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Geographical Index > United States > Idaho > Bonner County > Report # 65276
 
Report # 65276  (Class B)
Submitted by witness on Wednesday, April 1, 2020.
Husband and wife hear vocals while making camp at dark, near Priest Lake
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YEAR: 2017

SEASON: Fall

MONTH: October

DATE: 7

STATE: Idaho

COUNTY: Bonner County

LOCATION DETAILS: Directions to our campsite are described in the story.

NEAREST TOWN: Nordman

NEAREST ROAD: NF-2512

OBSERVED: On October 7, 2017, my wife, myself and our dog went on a late season kayak paddle to Upper Priest Lake and overnight camping trip at Beaver Creek Campground.

After loading the kayak after our paddle, we drove ˝ mile to the campground, only to find that it was closed for the season. Not wanting to find another campsite, we drove around the campground to the Tule Bay boat launch parking area, which was still open.

We parked our vehicle, unloaded our tent, sleeping and cooking gear and began to set up camp, carrying things into a designated site that would normally be accessed by the campground road. I was a bit concerned about camping in the site after the campground was officially closed, but figured that as it was already getting dark, it was unlikely that we would be confronted by a ranger.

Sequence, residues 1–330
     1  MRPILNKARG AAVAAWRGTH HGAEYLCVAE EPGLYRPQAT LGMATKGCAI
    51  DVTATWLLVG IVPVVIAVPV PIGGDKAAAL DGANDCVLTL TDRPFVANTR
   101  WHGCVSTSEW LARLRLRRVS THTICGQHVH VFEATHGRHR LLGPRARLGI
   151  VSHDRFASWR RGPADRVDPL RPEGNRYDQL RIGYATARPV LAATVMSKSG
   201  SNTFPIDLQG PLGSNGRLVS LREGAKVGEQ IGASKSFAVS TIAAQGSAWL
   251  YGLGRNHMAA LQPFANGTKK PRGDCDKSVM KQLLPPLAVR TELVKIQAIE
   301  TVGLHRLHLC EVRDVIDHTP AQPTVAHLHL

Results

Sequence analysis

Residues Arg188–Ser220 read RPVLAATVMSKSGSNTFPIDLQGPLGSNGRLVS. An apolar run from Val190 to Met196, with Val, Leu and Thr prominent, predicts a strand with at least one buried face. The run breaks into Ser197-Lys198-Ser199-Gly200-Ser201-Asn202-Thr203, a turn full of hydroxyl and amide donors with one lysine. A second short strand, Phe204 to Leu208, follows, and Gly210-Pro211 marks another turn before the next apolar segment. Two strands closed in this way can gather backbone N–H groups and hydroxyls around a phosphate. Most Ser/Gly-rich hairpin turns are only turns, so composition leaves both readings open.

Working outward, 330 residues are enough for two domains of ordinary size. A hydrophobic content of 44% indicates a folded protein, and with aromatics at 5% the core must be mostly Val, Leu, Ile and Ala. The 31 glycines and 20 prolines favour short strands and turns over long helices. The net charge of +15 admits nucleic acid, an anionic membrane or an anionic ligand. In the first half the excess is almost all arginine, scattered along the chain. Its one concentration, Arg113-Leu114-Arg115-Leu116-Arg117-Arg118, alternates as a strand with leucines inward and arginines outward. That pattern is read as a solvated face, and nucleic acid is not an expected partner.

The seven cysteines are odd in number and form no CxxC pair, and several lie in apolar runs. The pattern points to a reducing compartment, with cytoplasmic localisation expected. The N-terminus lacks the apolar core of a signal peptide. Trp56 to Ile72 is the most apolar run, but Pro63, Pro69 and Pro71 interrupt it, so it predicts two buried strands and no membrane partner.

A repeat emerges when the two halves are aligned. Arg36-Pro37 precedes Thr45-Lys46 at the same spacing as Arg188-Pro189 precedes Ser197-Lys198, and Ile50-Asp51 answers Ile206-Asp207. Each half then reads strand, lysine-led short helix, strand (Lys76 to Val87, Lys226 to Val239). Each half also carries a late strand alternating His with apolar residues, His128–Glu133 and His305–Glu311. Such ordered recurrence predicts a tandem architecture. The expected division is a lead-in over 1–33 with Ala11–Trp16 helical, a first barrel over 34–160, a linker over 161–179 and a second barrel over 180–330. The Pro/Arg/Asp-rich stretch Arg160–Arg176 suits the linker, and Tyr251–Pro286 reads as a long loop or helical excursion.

It had been raining and was getting cold, and my wife wanted a campfire to warm up from our paddle to Upper Priest Lake. I didn’t want to start a fire, as I was still uneasy about camping there and concerned that a fire would attract attention to us.

After setting up the tent and getting things situated, we heard a whoo call to the north of us, across the road. I had the distinct impression that it wasn’t an owl, but a person whooing for someone in the dark woods, like someone trying to contact a hiker who was late getting back to the car (though there were no other cars in the area). The call was quite loud, louder than any owl I have ever heard. Too me, it seemed like it was coming from something (a person) with large lung capacity.

By this time, it was dark and we couldn’t see anything beneath the tree canopy outside of our campsite.

While my wife worked on starting a fire with wet branches (unsuccessfully), I arranged our sleeping gear in the tent. Suddenly, we heard a WHOO call that was much closer and much louder. This call made us nervous as we both felt it was made by a person who was creeping around our campsite in the dark messing with us. But we had heard no vehicles drive in, saw no headlights or flashlights, and it was too dark and overcast for a person to drive or walk around the woods without a light. My wife has better hearing than I do, and heard what she felt was an answering whoo from some distance away in the forest. Grabbing a flashlight, I walked 75 feet or so back to our vehicle to get my 9mm pistol.

There was no question that this wasn’t an owl. The call was much too loud and gave both of us a fearful feeling. I could feel the loudness of the call in my chest.